Paolo Fanale as Fenton and Lisette Oropesa as Nannetta in Verdi's
Paolo Fanale as Fenton and Lisette Oropesa as Nannetta in Verdi's "Falstaff." Photo: Ken Howard/Metropolitan Opera

Paolo Fanale delivered an elegant Fenton in his Met debut. His characterization had an innocence that matched Oropesa's and added to the allure of their relationship. His voice is light but also combines some darker hues that give him a wide ranging palette in the lyrical role. While he seemed a bit overpowered at times during the final ensemble in Act one, he sang the engrossing melody with elegant phrasing that pulled the listener in. From the very first note, his sonnet "Dal labbro il canto estasiato vola" was delivered with a propulsive ardent energy; the tempo was swift and unlike many deliveries of this aria which favor plenty of breaks between phrases, Fanale maintained strict rhythmic observation of Verdi's rests. This added a virile and energetic quality to the interpretation that seemed to gain in its striving and longing as it developed; Nannetta's interruption felt all the more abrupt and made the subsequent passionate embrace of the two lovers all the more climactic.

Carlo Bosi also made a successful debut as the irritable Dr. Caius. Caius is the one character that everyone loves to poke fun at and Bosi embraced this role from the get-go. One of his most memorable moments came in Act 3, scene 1. He pursued Nannetta around the stage in a creepy stalker-like manner. While it certainly came off as quite humorous, it also expressed the timid nature of the character.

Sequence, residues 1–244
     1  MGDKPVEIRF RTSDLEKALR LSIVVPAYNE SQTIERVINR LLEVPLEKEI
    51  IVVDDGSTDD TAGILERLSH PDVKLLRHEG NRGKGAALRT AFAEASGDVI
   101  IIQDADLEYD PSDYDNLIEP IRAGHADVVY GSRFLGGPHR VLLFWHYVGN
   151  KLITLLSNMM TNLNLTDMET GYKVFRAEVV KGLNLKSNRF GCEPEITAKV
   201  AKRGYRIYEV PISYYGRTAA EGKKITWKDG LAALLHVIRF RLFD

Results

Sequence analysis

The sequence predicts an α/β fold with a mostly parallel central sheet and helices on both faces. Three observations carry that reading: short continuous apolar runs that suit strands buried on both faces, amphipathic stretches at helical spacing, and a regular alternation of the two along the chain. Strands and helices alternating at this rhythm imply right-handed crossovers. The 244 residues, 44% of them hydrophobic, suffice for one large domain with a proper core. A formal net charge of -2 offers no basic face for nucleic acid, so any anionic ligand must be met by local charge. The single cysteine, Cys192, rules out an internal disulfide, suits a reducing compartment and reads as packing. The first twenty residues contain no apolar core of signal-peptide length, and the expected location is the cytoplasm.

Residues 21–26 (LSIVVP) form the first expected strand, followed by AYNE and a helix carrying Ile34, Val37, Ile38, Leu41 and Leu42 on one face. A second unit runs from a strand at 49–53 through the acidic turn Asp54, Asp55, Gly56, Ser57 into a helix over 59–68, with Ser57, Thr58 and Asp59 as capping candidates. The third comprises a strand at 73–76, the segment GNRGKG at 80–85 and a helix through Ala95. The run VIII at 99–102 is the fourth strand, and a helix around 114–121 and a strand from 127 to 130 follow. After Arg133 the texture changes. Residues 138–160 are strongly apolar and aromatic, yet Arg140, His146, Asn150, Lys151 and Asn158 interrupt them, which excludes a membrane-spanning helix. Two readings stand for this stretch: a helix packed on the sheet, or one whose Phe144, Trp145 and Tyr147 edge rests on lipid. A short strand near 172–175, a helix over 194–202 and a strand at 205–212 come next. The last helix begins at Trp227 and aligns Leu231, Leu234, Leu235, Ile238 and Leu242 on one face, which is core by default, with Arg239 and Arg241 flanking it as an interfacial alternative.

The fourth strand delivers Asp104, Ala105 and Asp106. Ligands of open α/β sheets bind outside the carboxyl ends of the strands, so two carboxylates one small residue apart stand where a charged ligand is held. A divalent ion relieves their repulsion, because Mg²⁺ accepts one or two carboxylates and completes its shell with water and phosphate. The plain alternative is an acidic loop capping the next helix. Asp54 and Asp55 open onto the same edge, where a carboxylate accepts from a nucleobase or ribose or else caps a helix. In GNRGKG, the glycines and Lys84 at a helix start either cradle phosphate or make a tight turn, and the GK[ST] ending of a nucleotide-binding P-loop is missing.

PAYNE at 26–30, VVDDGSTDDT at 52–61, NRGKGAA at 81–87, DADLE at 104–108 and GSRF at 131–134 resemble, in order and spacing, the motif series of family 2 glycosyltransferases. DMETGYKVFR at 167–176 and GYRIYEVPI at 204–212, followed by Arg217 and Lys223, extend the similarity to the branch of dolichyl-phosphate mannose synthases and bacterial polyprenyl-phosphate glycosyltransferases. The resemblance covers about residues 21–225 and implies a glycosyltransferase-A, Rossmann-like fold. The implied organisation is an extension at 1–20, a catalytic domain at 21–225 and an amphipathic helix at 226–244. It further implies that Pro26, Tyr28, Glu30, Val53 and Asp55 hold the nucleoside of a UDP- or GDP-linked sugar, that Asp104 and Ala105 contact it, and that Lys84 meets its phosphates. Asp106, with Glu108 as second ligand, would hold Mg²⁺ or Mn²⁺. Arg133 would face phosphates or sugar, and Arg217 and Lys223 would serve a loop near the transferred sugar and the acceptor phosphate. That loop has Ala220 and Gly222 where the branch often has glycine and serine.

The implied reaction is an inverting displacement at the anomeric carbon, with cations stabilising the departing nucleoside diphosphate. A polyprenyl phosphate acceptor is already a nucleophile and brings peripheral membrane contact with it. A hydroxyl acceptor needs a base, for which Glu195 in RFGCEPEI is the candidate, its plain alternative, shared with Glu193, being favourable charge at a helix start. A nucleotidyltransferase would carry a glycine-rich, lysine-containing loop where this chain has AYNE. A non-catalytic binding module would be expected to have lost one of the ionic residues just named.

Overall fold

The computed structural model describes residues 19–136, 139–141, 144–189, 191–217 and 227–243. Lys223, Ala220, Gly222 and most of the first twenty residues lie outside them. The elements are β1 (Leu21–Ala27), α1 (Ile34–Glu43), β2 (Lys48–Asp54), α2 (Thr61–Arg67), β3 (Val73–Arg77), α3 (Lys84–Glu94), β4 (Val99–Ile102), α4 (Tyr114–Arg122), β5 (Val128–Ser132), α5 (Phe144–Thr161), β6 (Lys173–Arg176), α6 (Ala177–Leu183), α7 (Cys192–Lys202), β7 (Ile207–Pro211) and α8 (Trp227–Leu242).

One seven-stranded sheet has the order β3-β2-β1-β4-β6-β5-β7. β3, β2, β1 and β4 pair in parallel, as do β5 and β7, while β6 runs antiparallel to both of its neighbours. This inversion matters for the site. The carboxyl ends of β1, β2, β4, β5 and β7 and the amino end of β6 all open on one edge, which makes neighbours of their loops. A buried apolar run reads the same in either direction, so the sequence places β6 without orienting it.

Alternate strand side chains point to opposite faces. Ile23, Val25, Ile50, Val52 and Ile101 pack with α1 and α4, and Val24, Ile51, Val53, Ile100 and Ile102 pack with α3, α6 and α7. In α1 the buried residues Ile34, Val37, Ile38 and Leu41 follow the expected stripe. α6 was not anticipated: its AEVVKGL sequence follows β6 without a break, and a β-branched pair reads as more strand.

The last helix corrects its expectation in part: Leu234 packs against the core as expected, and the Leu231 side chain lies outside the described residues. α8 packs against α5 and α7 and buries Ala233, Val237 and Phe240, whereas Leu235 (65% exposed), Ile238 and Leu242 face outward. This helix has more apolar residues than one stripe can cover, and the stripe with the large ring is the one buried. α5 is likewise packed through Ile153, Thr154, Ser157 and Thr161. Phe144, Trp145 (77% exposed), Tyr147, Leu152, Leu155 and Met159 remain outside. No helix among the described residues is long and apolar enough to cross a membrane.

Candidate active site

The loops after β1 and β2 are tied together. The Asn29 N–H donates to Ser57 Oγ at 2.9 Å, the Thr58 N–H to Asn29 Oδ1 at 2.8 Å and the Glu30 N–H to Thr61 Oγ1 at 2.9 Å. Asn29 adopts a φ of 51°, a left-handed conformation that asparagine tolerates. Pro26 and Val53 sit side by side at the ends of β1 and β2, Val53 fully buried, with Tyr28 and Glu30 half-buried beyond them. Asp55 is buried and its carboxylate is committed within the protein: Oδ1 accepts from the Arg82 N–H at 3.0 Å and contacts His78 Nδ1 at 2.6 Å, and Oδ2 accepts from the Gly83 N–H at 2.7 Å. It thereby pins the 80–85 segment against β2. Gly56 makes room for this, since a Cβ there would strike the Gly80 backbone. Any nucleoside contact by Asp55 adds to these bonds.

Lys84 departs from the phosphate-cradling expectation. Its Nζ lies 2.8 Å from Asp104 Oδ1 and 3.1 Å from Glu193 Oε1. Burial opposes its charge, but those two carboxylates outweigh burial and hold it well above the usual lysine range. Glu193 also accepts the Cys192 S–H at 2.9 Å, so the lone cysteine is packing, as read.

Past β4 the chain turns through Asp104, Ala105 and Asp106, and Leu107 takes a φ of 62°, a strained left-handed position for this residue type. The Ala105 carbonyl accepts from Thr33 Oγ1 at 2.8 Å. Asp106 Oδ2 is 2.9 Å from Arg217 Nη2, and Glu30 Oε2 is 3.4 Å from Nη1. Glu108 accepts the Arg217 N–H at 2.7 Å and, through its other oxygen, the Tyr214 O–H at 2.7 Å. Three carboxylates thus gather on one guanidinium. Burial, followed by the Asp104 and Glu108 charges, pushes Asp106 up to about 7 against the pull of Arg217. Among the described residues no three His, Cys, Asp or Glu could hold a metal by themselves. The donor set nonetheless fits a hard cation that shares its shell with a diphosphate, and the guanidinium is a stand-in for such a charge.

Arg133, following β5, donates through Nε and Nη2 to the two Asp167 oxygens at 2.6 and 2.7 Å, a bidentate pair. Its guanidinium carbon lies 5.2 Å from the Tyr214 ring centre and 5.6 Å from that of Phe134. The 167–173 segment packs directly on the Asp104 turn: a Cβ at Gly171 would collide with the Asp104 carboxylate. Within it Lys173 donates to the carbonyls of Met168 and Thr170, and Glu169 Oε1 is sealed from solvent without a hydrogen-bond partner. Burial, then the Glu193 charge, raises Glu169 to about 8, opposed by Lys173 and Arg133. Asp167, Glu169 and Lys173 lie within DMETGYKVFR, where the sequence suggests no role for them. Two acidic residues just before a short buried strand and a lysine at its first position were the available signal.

Christian Van Horn and Keith Jameson were perfectly paired as Bardolfo and Pistola. Van Horn, in his debut, is tall in stature while Jameson is noticeably shorter than him. It was rather entertaining to watch these two characters confront the massive Falstaff of Maestri at the end of the opening scene. Maestri's Falstaff was particularly abusive with Jameson's Bardolfo and grabbed him by the nose in a few instances; after bullying the smaller figure, Falstaff went over and knocked around the taller but significantly slimmer Pistola. The two were very versatile and had terrific chemistry together, especially in scenes where they had to sing and work together in synchronization. One particularly effective moment featured them kneeling down to beg forgiveness from Falstaff at the start of Act 2.

The chorus deserves mention from a truly strong evening through and through. The third act climax was particularly striking in the unison movements from the chorus and soloists alike to truly create the effect of spirits "torturing" Falstaff.